Understanding CEBP and how it impacts your customers requires understanding your customers' business workflows and processes. In some vertical industries, these workflows are fairly common across the sector. Financial services sector businesses, for example, follow a fairly consistent set of workflow procedures. Although the actual steps in a process may vary widely from company to company, the basic business flows are very similar.
One of the greatest differentiators an MSP can offer today is open dialogue and conversation with customers. How you engage your customers sets an expectation of your presence in the market.
Although virtually every company in business today in the information services sector has a Web site, the level of engagement with customers varies widely. This communication can no longer be a unidirectional broadcast of services offered. The corporate Web site that was used to deliver marketing material is an information repository that quickly stagnates. In the current climate of what are often referred to as Web 2.0 services, that legacy Web site may be far less valuable than it once was.
Today, blogs and wikis provide a platform for open discussion with customers, employees, and business partners. They offer a place to not only participate in the IT community but also provide a platform that adds value in important ways.
If you aren't using your own tools and can't cite how they've improved your own operations, you don't have the most important success story of all for your customers. It's important that you use your own tools and that you tell a compelling story about how CEBP within your business— whether as a software solution provider or an MSP—has streamlined your business, improved your processes, enhanced communications between people, cut costs, and improved the bottom line. Write your own case study about how your solutions have positively improved your business.
The explosion of CEBP solutions is right around the corner. Business enterprises are moving quickly in an effort to stay competitive and win in their respective market segments. There are a number of key areas in the evolution of CEBP. These are areas to focus on and ensure you've built effective strategies for.
Voice services have been too oriented toward VoIP in the past few years. Now is the time to recognize that voice is one more service of the network and that VoIP is just one way to deliver voice services. Voice services are crucial to the success of almost every business enterprise. Whether they're delivered over traditional TDM telephony, VoIP, cellular/wireless, or some other technology isn't a real differentiator to the business enterprise who is focused on their core competency.
Conferencing and collaboration tools will be an area central to the evolution and widespread adoption of CEBP. Solutions, such as IBM's Lotus Sametime Unyte, provide examples of how innovative services and integration that originated in a smaller, entrepreneurial company can be quickly expanded to provide full-blown enterprise collaboration solutions.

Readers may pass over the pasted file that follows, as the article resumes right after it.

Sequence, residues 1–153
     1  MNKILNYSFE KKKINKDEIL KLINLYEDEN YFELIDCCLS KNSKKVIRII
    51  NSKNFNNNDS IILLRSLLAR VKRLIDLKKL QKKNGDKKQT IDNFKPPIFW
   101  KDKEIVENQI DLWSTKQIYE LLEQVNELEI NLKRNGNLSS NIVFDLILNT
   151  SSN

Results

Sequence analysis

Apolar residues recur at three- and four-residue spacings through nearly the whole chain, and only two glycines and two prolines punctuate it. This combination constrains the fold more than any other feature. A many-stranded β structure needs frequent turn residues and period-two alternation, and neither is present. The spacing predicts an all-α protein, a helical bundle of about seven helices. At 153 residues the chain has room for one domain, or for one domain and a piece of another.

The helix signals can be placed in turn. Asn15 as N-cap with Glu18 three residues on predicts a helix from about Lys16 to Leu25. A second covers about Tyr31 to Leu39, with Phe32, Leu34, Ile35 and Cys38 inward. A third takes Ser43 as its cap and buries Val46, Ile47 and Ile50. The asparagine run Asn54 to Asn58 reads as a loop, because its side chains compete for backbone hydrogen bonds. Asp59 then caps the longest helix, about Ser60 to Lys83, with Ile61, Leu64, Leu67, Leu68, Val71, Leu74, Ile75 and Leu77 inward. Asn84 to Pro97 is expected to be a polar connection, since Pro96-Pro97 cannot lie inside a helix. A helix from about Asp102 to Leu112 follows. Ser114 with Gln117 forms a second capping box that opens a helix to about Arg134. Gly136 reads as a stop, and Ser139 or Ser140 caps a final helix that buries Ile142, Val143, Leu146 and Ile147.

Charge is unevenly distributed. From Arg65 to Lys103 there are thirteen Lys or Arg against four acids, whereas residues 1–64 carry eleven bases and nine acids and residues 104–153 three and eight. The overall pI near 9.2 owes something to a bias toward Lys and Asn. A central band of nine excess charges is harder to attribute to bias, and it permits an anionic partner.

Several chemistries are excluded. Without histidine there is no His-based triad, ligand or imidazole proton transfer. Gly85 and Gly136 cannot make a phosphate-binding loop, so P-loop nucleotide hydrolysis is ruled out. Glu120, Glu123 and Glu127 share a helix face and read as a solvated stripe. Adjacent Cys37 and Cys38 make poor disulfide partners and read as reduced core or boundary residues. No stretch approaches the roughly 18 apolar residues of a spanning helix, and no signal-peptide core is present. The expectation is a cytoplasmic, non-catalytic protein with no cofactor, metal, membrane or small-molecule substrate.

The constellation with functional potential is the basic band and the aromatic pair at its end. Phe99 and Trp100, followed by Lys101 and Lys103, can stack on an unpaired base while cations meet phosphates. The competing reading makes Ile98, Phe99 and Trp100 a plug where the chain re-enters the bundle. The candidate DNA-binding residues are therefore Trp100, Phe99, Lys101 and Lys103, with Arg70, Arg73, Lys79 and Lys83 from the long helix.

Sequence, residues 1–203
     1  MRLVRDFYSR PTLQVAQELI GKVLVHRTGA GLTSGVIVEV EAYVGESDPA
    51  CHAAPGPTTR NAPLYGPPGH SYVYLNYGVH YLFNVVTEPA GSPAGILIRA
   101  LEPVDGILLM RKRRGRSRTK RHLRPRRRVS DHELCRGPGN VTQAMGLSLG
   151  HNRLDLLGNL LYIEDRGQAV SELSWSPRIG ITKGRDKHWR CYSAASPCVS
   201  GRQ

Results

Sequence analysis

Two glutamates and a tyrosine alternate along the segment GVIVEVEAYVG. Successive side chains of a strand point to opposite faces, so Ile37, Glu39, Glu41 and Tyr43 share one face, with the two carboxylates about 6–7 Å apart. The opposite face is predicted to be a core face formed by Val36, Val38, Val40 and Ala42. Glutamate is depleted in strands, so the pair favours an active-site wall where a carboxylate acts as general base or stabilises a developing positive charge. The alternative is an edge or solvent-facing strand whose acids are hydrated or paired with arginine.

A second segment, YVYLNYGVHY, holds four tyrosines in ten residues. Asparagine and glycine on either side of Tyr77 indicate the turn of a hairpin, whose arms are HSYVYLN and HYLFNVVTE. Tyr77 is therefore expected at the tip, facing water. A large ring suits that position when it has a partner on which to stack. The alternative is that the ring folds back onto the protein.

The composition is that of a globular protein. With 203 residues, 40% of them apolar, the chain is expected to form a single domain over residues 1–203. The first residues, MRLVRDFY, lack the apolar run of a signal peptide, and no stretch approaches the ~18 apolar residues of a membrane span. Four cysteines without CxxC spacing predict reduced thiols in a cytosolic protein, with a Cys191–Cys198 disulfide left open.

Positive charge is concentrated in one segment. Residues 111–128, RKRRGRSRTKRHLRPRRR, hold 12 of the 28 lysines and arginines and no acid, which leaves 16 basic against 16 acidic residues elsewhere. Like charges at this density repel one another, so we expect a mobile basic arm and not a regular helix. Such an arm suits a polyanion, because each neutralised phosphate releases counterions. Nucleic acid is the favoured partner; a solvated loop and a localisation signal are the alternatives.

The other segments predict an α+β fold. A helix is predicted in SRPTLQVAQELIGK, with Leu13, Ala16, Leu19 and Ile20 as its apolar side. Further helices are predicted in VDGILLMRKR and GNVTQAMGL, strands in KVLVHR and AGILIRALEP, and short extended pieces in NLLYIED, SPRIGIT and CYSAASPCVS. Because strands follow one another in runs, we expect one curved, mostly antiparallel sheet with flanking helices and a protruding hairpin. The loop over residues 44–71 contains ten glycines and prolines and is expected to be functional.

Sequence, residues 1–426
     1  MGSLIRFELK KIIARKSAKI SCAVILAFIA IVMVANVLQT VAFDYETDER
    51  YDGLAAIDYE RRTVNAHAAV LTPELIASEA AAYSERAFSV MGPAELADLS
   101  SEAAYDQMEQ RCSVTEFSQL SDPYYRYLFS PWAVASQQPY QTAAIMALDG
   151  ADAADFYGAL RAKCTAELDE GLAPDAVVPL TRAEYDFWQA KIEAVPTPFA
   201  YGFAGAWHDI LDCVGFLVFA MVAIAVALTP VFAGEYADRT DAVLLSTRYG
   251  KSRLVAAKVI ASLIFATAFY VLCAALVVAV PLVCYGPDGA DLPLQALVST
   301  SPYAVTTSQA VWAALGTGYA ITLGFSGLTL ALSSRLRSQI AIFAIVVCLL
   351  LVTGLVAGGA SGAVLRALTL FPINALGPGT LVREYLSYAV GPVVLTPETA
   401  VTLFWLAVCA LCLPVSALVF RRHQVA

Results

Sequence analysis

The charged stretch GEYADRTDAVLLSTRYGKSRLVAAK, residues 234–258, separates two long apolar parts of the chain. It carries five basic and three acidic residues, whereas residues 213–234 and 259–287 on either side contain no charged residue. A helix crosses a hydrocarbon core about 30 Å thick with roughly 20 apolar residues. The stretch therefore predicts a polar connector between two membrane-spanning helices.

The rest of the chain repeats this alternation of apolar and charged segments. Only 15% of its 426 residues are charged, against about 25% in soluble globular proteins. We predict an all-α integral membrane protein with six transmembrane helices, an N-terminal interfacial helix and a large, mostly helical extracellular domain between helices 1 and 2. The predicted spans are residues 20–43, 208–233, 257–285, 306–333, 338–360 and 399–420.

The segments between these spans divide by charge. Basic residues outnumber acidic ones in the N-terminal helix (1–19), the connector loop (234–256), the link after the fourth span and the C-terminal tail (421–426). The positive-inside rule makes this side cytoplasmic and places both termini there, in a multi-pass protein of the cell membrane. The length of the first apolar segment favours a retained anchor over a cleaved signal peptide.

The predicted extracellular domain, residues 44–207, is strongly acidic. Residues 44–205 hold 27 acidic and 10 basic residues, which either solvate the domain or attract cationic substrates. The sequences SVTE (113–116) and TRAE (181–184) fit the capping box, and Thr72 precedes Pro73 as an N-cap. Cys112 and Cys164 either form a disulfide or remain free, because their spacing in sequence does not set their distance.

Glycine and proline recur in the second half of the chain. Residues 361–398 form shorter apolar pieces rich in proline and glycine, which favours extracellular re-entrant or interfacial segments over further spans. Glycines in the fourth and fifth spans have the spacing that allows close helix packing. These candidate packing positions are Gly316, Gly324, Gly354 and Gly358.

Application Programming Interfaces (APIs) are becoming a vital component. Whether we call it SOA, SaaS, or CEBP, the concept of using APIs to build and connect via "hooks" into services and applications provides the technical freedom to quickly innovate and develop new CEBP solutions. Companies such as Jaduka deliver API functionality that treats voice as simply a service. Imagine the ease of integrating voice services into enterprise business applications if we add a simple API to the wide range of voice services available in the Public Switched Telephone Network (PSTN). The power of APIs is undeniable.
The CEBP landscape is filled with opportunity across the spectrum of enterprise business applications. The foundation cornerstone is to deploy a fully converged network n the customer environment. That's simply helping customers position to win and use integration tools to the best possible advantage. The converged network provides the first layer of the foundation for CEBP.
For most organizations, adoption will come based on business drivers—business trends, industry segment trends, and regulatory factors. These will all be balanced carefully against the ROI and effort. To tell a compelling and winning story for customers, the service and solution provider needs to understand the basic framework of enterprise business applications across the family of ERP, CRM, SFA, SCM, and HRM solutions. The winners will be those who can understand the needs of the enterprise customer and prove the value they add in understanding and delivering mature CEBP solutions.